FE625 Emerging Markets: Risks and Models

Course Catalog Description


This course covers the basics of Emerging Markets (EM) instruments, models, risks, hedging and trading practices. The course is based on two pillars: first the basic concepts on the models and market are introduced; second the implementation and use of those concepts in real life examples and simulation of a trading environment

Campus Fall Spring Summer
On Campus X
Web Campus


Professor Email Office
Juan M. Eroles

More Information

Course Description

Throughout the course there will be an emphasis on market conventions and practitioner best practices. One of the main objectives involves a have hands on approach into managing the valuation, risks, proper hedges and dynamics of a real book. To this end the student will be given as a starting point a spreadsheet that simulates a system for managing a book of FX contracts in the real world. The name of this spreadsheet system is: MiniSystem. The student will then be asked to develop the pricing models in the system to include different types of contracts, to value them, to calculate the relevant risks, to explain the changes in the valuations and to calculate the proper hedges. This approach will initially be done on individual contracts and then in aggregate for a whole book of contracts.

Course Outcomes

The main four objectives of the course are:

  1. 1- Academic: For the students to acquire theoretical knowledge in EM models, conventions and main differences with developed markets
  2. 2- Practice: For the students to be able to price, execute and hedge options and a book in FX market including a smile effect as is done in practice
  3. 3- Insertion: Provide the students with tools for their insertion into the labor market with some of the latest information on hiring process, interview tips and market trends
  4. 4- Exposure: Expose the students to market participants and give them an opportunity to interact with them

Course Resources


Recommended: 1- Investing in Emerging Markets Fixed Income Markets, Frank J. Fabozzi, 2002, ; 2- Counterparty Credit Risk and Credit Value Adjustment, Jon Gregory, 2012, Wiley (2nd edition) ; 3- Dynamic Models and their Applications in Emerging Markets, Sima Montamen-Samdian,, 2002, ; 4- Published papers and working notes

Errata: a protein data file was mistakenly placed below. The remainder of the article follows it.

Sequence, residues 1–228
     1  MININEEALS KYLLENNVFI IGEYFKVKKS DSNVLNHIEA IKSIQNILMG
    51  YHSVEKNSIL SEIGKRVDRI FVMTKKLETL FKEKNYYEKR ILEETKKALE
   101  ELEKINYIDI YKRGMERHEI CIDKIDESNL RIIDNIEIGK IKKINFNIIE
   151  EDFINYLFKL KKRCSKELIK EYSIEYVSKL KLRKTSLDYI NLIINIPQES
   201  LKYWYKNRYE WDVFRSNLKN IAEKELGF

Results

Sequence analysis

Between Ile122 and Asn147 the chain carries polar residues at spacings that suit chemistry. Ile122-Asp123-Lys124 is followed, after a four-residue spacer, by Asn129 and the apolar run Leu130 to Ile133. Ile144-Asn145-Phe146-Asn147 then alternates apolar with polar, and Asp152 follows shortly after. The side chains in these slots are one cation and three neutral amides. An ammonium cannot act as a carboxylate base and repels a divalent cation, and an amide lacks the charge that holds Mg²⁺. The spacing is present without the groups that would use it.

Additional References

Published papers and working notes.


Grading Policies

  • Homework – 40%
  • Class Interaction – 20%
  • Final Projects (2 to 3) – 40%

Lecture Outline

Topic Reading
Week 1 General Introduction to Emerging Markets. Definitions, volumes, geography, types and brief history. Cycles of growth and crisis. Correlation between countries and regions.
Week 2 Fixed income instruments overview I : Interest rates swaps, FX forwards. Introduction, definitions, trading properties (liquidity, conventions, etc), risks and pricing.
Week 3 Fixed income instruments overview II : credit default swaps, swaptions, FX options. Introduction, definitions, trading properties (liquidity, conventions, etc), risks and pricing.
Week 4 Future expected mark to market. Future expected credit exposure.
Week 5 Introduction to capital constraints as a form of economic policy. Convertibility, transferability and default risks. Financial instruments designed for this risk, their modeling and valuation
Week 6 Cross Currency Swaps: introduction, definition, use as funding instruments, cross currency basis swaps and risks
Week 7 Inflation instruments in Emerging Markets. Inflation currencies and inflation indexes. Inflation Swaps: modeling, pricing an valuation. Deliverable currencies vs non-deliverable currencies.
Week 8 Credit Risk for Emerging Markets. Country ratings and local ratings. Country risk. Bonds as as hybrid instruments (IR risk + Credit risk).
Week 9 Hybrid instruments: Quanto CDS, extinguishable swaps and CVA. Call/Put parity between CVA and extinguishable swaps.
Week 10 Midterm Exam
Week 11 Class I: 4 Factor Model with FX jumps. Model motivation and derivation. Presenting the analytical solution
Week 12 Class II: 4 Factor Model with FX jumps. Getting the Analytical solution. Analyzing the model through its analytical solutions. Limits and behaviors
Week 13 Funding and collateralization of derivatives I: Introduction to CSA and ISDA terms. OIS discounting.
Week 14 Funding and collateralization of derivatives II: Determining the value of the CSA Thresholds. Netting and Set-off. Cheapest to Deliver (CTD).
Week 15 Final Exam